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Panama Canal Bunkers Sales Slid Amid COVID-19, but Transitway Remains Key

Posted by Eric Wieser on May 3, 2021 10:44:22 AM

Since the beginning of 2020, the world has been dramatically altered in the wake of the COVID-19 pandemic.

In the early stages of the world grappling with the virus, populations were asked to help limit the spread, which in part involved cutting back on public engagements and interactions. That pullback lead to a slowdown – and in some cases, a halt – to parts of the world economy such as service industries.

However, goods and products still had to flow. Shipping is one of the key links in the global dance of getting raw materials to processing centers and global products to consumers.

Shipping could not and has not stopped during the pandemic.

Shipping personnel and port workers continued to perform necessary work of loading cargo, moving ships in and out of the ports around the world in a safe manner. (In some cases, enduring hardships at seas, but that is a story for another time.)

Cargo at ports continued to flow. Ports such as Los Angeles saw record volumes of cargo in 2020 and continue to see record volumes in 2021 with no anticipated slowdown.

And that brings us to shipping lanes. For the Western Hemisphere, the Panama Canal is one of the world’s key shipping lanes, a sort of shipping highway connecting the Atlantic and Pacific oceans.

Built in the early 20th century, the waterway gives vessels the ability to cut thousands of miles off voyages and, as the canal’s operator has pointed out, helped the world reduce greenhouse gas emissions by 13 million tons of CO2 in 2020.

Sailing through the waterway involves a system of schedules, personnel, tugboats and trains. Some days it is smooth sailing (no pun intended). On others, vessel traffic can back up and cause delays.

Downtime at the canal allows ships the opportunity to load up on supplies and marine fuel, making it one of the key bunker hubs in the world. The area hosts large bunker storage facilities along the canal and nearby islands, where millions of barrels of petroleum products change hands every year.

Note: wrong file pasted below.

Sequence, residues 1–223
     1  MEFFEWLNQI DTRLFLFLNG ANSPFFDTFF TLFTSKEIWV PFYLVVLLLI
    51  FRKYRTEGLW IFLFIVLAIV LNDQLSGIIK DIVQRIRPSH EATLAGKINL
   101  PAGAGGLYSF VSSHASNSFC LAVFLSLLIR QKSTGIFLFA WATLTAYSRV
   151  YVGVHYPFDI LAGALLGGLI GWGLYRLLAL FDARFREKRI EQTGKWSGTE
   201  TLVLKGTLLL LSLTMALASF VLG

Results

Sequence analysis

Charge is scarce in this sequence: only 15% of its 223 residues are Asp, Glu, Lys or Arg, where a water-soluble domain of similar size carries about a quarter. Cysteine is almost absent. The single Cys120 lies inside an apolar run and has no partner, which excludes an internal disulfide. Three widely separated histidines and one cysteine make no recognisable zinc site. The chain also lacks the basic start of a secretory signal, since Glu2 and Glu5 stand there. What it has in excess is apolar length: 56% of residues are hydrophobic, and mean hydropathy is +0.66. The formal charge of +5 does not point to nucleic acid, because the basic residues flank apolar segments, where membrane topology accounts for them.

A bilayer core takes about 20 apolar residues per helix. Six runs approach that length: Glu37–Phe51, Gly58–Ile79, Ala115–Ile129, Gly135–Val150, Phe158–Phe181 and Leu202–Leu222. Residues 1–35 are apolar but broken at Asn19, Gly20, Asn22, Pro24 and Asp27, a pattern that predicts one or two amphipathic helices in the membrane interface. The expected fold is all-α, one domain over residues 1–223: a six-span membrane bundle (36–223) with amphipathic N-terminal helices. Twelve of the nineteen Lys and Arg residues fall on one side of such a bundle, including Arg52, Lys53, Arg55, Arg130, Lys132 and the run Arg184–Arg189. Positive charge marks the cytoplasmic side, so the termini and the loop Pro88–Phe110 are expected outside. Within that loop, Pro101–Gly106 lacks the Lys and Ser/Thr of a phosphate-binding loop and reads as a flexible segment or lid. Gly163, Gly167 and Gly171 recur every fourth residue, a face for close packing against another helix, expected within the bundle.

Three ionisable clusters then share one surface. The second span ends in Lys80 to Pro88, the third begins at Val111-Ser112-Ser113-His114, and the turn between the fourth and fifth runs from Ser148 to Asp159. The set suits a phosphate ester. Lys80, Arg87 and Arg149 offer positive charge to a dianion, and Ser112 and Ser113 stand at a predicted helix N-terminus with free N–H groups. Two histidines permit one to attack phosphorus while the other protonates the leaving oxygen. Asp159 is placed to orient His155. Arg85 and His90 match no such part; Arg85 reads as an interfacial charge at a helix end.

Last year saw bunker volumes dip slightly as the number of vessels transiting the canal during COVID-19 pulled back, although cargo tonnage has remained strong.

The Panama Canal Authority reported overall bunker sales in 2020 decreased a little more than 11% compared with those of the previous year. The top product sold was the new kid on the block: very-low-sulfur fuel oil (VLSFO). A total of 3.6 million metric tons of VLSFO were sold at the canal in 2020.

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Despite that pullback in bunker sales, cargo tonnage increased to 255.8 million long tons in 2020 versus 253 million long tons in 2019. Tonnage moved through the canal in recent years has been on the rise due to increasing size of vessels that can safely make their way through the passageway.

Bunker companies have been battling for business in the region for years. And despite the pullback in bunker volumes during 2020 at the key waterway, companies were still making moves to strengthen positions at the hub.

Take recent moves by two of the world’s largest bunkering companies: Peninsula Petroleum and Monjasa.

Just this month, Peninsula Petroleum added to its Panama fleet by moving the Gibunker 100 tanker to Panama from Gibraltar. After sailing through the locks at the beginning of the week of April 25, the tanker had already performed a ship-to-ship bunkering operation April 29 on the Pacific side.

In March, Monjasa announced the move of its MT Monjasa Supplier tanker to Panama from Dubai. The tanker can operate in rough seas, the company noted, adding that it would be performing bunkering in the outer anchorage area of Panama on the Atlantic side. This week, though, the tanker could be seen performing bunkering operations on the Pacific side.

In April, Monjasa reported its 2020 business dealing in its annual report and noted a 9% increase in total volumes with Panama as its top supply area.

This year, the world may get a better picture of how bunkers and VLSFO will be a part of the market, or maybe even newer fuels, such as ammonia, hydrogen or LNG. But one thing is for certain: The Panama Canal will continue to be a key highway for the world and goods/materials that need to be moved, and the companies there will be ready to serve.

Listen to a roundtable discussion on the Panama bunker market recorded on May 18, 2021. Hear from experts at Peninsula Petroleum, BLUE Insight, and Vopak as they discuss bunker fuel demand and price recovery through Q1 2021 and what can be expected in the near-term. Watch it now!

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Tags: Spot Market, IMO 2020, Bunker fuel

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